Netflix's biggest bull and bear agree on one thing about its key growth measure during an economic slowdown (NFLX)


Netflix ceo reed Hastings

  • The biggest Netflix bull and bear on Wall Street can find plenty to disagree on.
  • But there’s some commonality in how they view the platform’s future subscriber growth.
  • Watch Netflix trade live.

Investing in the world’s largest online-subscription video platform can be an inherently polarizing discussion.

Netflix bulls and bears tend to disagree on whether the stock’s valuation is justified, if the company is too quickly burning through cash, and if it’s adequately prepared for an increasingly competitive streaming environment.

Then there’s subscriber growth, a metric that was praised by many on Wall Street following Netflix’s fourth-quarter earnings report. During the quarter, the company added a record 8.8 million paid memberships. That was on top of the record 7 million new streaming subscribers in Q3, a big rebound from a disappointing showing last July. 

Earlier this month, Markets Insider asked Wall Street’s biggest Netflix bull and bear how concerned they were they about the the sustainability of Netflix’s subscriber growth during an economic downturn — especially after Netflix announced its biggest price hike for US subscribers in January.

The analysts’ responses were notably similar. In short: Netflix’s subscriber growth would probably be okay in the case of a recession. 

Read more: We asked the biggest Netflix bull and bear on Wall Street the same 5 questions. Here’s what they said about the streaming giant’s cash burn and competition as well as what the other side is getting wrong.

“Netflix is a super cheap entertainment alternative. It just is,” Pivotal Research founder Jeffrey Wlodarczak, who has a $500 price target — the highest on Wall Street, told Business Insider.

“A cable bill, DirecTV, could be $100, so if anything, I think you see an increased migration to something like Netflix because it’s such an inexpensive alternative. In an economic downturn, I think there probably is an element of increased password-sharing.”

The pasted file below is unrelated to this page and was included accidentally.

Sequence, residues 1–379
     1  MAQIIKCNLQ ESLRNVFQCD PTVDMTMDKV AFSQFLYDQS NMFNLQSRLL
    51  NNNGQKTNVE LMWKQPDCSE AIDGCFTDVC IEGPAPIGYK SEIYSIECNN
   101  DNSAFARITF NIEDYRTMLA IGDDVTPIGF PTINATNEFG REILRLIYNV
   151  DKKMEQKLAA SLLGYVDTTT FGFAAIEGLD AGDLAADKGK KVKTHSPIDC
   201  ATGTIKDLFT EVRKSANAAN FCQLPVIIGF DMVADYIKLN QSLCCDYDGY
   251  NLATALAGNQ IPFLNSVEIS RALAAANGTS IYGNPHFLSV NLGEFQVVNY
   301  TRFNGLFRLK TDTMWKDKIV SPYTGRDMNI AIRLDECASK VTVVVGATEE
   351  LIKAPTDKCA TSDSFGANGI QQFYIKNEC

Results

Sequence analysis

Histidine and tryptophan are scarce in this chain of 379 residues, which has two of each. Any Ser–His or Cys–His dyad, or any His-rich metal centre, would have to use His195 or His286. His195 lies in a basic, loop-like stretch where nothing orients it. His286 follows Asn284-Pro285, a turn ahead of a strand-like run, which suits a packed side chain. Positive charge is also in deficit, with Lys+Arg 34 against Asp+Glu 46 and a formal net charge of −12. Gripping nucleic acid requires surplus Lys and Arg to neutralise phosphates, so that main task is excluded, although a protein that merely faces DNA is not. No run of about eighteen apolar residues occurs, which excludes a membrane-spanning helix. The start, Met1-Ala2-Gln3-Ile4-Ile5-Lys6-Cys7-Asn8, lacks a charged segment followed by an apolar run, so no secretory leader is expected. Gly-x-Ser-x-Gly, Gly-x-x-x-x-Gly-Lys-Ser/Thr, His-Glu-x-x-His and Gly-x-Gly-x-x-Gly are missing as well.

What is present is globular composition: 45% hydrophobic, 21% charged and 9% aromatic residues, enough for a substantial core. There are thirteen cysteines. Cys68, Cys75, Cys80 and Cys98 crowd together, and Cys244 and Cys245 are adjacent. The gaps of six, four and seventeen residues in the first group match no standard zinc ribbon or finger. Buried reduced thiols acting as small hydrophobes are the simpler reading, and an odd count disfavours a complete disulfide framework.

Hed added: “I think in a time of economic weakness, I would think, if you’re the cheapest entertainment alternative, you’re going to be fine. If anything, it will accelerate the decline of paid-TV.” 

And Morningstar analyst Neil Macker, who has a $135 price target — the lowest on Wall Street — also thinks Netflix’s subscriber growth would hold up during an economic slowdown.

“Netflix, like the cable subscriptions that we’ve seen in the past, is one of those things that, it’s a relatively cheap thing to hold onto,” Macker told Markets Insider in an interview.

“I’m not necessarily worried about that in a downturn. You still need entertainment in a downturn, and Netflix, or the paid-TV subscriptions or Hulu or Amazon, is a relatively cheap version of that versus going out to dinner or going to the movie theater these days.”

He added: “I wouldn’t be concerned about that in terms of, people still need entertainment, and I think Netflix or your cable sub, given the amount of hours of entertainment on both of those, are one of the last things to get cut.”

Netflix was up 35% this year. 

Now read more Netflix coverage from Markets Insider and Business Insider:

  • ‘Take off the blindfold’: Here’s what Wall Street is saying about Netflix earnings
  • Netflix analysts answer critical questions about the streaming giant and the future of the industry
  • All 82 of Netflix’s notable original shows, ranked from worst to best

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